Of course, the colonial system itself fell apart soon after these statements. But this had less to do with any change in these ideas than with the postwar collapse of Britain and France as military powers. And as Wolton noted, the old colonial powers were reborn as aid donors who still today have the role of “protector and developmental economist.”
After all, the idea of aid is that, along with the necessary funds, the donors have superior knowledge—about health, agriculture, technology, institutions—that they are conveying to the recipients. Why let the ignorant recipients vote on what to do when the donors already know? As the future Nobel laureate Gunnar Myrdal said in 1956: “Super-planning HAS to be staged [with]…a largely apathetic and illiterate citizenry…this is why [planning] is unanimously endorsed by experts in the advanced countries.”
Of course, today’s “experts” can no longer be so frank, and have to use code words. One code phrase is “benevolent autocrats,” a concept sometimes disguised even further with code words like “developmental state” or “strong leadership.” The World Bank Growth Commission Report in 2008 gave as one of its few unambiguous conclusions: “Growth at such a quick pace, over such a long period, requires strong political leadership.” Unfortunately for this view, as Dani Rodrik of Harvard has recently summarized the academic consensus, “authoritarian growth” is not a generally workable formula but a “myth.”16 For every Lee Kuan Yew there is a Paul Biya.
On the above list of aid-receiving autocrats, the one most likely to be seen by outsiders as a “benevolent autocrat” is Paul Kagame of Rwanda. Meles Zenawi in Ethiopia previously had this role, before a few too many jailings and shootings. Before that it was Yoweri Museveni in Uganda, until it became clear that there was too much corruption in Uganda and that he had an unseemly determination to stay in power at all costs. Now Kagame seems to be going the same route, as shown by the Rwanda elections in August, which were preceded by repression of the opposition and mysterious assassination attempts. Benevolent autocrats have the distressing habit of not staying benevolent.
It is always possible that an autocrat will be able to advance development. But the donors’ use of this possibility is inherently undemocratic—they presume to evaluate the ruler instead of the citizens (usually based on questionable information), and thus undemocratically decide who should have democracy.
A similar presumption informs Paul Collier’s book Wars, Guns, and Votes(2009), in which he goes from an empirical proposition that democracy in poor countries increases political violence (a conceivable conclusion, even though based on dubious criteria for defining democracy in this case) to a recommendation that donors oppose elections in the “Bottom Billion” in the aftermath of civil wars. There may indeed be tradeoffs between democracy and other development goals, but why should outside aid donors be the ones who make these tradeoffs?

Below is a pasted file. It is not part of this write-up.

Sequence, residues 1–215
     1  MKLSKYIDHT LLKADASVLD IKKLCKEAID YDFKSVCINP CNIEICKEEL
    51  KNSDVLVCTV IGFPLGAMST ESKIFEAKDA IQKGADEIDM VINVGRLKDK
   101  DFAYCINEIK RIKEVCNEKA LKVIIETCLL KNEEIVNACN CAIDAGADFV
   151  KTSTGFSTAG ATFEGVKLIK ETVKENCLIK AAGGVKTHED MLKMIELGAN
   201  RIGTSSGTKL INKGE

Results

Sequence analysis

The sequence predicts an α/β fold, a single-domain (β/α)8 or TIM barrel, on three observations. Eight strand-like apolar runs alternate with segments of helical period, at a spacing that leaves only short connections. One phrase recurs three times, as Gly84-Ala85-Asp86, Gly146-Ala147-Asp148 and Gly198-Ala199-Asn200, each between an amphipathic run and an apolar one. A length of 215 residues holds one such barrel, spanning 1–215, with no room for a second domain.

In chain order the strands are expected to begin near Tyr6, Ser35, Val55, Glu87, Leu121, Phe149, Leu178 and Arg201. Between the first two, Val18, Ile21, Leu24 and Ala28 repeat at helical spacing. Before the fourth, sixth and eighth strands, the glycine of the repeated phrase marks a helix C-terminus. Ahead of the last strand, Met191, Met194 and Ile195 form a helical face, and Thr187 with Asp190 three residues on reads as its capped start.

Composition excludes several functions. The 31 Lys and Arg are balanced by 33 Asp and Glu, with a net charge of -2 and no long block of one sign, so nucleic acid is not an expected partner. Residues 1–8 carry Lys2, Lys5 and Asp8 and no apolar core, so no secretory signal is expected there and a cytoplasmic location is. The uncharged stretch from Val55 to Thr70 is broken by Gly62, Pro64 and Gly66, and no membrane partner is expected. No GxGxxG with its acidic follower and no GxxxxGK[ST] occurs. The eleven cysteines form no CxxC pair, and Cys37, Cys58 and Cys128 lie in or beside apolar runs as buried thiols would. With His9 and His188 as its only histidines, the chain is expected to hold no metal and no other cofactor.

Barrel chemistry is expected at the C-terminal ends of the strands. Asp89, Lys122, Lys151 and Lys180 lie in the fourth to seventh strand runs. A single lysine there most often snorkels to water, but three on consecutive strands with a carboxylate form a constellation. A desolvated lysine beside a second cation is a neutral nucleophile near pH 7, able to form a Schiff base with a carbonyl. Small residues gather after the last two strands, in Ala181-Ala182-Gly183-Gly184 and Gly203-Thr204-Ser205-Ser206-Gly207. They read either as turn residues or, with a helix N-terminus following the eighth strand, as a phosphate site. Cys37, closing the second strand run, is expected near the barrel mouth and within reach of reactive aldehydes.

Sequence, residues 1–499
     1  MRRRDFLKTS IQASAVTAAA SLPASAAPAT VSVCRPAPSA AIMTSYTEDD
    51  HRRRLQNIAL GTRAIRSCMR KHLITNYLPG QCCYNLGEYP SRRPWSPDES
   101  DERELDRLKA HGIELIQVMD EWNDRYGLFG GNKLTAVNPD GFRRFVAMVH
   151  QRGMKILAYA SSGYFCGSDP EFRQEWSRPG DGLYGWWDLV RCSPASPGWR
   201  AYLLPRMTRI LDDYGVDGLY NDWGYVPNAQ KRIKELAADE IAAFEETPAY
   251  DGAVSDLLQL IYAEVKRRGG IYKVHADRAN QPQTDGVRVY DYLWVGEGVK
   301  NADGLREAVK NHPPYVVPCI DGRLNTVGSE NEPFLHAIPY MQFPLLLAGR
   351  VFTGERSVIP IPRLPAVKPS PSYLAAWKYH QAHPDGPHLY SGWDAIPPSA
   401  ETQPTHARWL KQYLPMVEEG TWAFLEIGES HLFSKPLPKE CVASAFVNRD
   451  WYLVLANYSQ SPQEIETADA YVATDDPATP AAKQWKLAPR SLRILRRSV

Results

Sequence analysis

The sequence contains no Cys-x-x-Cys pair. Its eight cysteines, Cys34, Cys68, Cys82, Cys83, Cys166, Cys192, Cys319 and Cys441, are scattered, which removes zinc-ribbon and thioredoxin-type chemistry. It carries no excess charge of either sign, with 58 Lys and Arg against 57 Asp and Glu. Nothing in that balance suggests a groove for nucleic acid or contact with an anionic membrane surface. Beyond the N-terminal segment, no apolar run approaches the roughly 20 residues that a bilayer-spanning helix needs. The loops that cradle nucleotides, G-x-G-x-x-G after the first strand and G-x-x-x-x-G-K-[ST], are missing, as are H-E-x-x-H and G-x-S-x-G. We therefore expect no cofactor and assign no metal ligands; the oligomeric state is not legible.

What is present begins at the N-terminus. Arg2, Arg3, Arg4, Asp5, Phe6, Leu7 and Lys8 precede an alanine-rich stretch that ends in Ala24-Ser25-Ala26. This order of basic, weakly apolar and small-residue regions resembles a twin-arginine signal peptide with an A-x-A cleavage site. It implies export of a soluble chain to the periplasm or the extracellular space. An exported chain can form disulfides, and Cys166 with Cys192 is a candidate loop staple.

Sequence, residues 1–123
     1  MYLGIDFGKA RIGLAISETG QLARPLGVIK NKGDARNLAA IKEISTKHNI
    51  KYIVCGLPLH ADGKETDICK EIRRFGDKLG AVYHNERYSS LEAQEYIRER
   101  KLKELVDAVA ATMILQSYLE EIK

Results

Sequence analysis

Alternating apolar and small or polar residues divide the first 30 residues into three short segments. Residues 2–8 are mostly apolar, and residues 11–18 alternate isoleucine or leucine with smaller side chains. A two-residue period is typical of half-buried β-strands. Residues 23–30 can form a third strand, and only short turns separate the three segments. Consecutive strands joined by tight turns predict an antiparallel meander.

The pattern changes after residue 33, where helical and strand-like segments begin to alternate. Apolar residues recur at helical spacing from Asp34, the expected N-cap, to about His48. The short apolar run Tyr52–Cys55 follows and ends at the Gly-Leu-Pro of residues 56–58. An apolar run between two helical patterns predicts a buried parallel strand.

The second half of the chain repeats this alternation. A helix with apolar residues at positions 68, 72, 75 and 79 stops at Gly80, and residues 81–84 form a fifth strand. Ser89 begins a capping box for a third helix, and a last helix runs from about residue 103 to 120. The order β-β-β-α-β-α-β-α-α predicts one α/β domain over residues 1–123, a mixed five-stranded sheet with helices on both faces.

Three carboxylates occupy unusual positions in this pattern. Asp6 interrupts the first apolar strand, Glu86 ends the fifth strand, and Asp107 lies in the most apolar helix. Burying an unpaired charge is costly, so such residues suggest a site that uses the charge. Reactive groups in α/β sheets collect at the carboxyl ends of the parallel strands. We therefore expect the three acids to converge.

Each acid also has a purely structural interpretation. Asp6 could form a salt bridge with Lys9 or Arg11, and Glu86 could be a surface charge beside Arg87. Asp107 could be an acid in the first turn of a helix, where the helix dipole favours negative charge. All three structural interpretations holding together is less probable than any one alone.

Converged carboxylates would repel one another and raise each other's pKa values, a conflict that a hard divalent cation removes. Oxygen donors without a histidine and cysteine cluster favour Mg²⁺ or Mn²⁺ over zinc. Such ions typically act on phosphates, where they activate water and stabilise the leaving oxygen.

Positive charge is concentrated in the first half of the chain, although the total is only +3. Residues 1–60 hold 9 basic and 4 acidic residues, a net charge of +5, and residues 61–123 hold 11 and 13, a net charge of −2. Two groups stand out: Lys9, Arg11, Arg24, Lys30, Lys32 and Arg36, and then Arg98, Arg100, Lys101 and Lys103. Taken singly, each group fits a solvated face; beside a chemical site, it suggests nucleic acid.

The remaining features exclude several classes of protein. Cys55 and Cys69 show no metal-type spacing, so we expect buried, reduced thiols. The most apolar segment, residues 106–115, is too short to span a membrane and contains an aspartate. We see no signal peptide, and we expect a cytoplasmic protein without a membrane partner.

The concept of development helps rationalize the position of autocrats by postulating an unstoppable transition toward a bright future. This is why donors call all poor countries “developing.” Once the donors started paying lip service to democracy, they could label undemocratic aid recipients as “democratizing.” Let’s call this the Gerund Defense for supporting dictators. Thomas Carothers, an expert on the connections between aid and democracy, described the Gerund Defense in a classic article. He quoted a USAID description of the Democratic Republic of the Congo in 2001 as a country in “transition to a democratic, free market society.”17 (Such “democratizing” is still notably weak in 2010.)
The World Bank’s response to Helen Epstein’s article in these pages accusing the bank of supporting Ethiopian tyranny is a classic Gerund Defense. The World Bank’s country director for Ethiopia and Sudan, Ken Ohashi, replied:
We start…with a belief that in every country people want…to develop a transparent, accountable…governance system. Ethiopia is no exception. Our task…is to support that innate tendency.
However, building institutions… takes a long time…. Changes are incremental, and at times they may suffer serious setbacks….18
The Gerund Defense has the attraction of being irrefutable. We don’t know the future, so we don’t know whether a particular event is a “setback” to “building institutions,” or whether the “building” is a myth. We could of course observe the actual trend in “democratizing”—but this has been discouraging in Ethiopia, where parties and politicians that seriously challenge the government risk prison. Donors could conceivably overlook anything, even the 1994 Rwanda genocide, as a temporary “setback” to an “innate tendency.” Such a view is not as easily dismissed as you might think.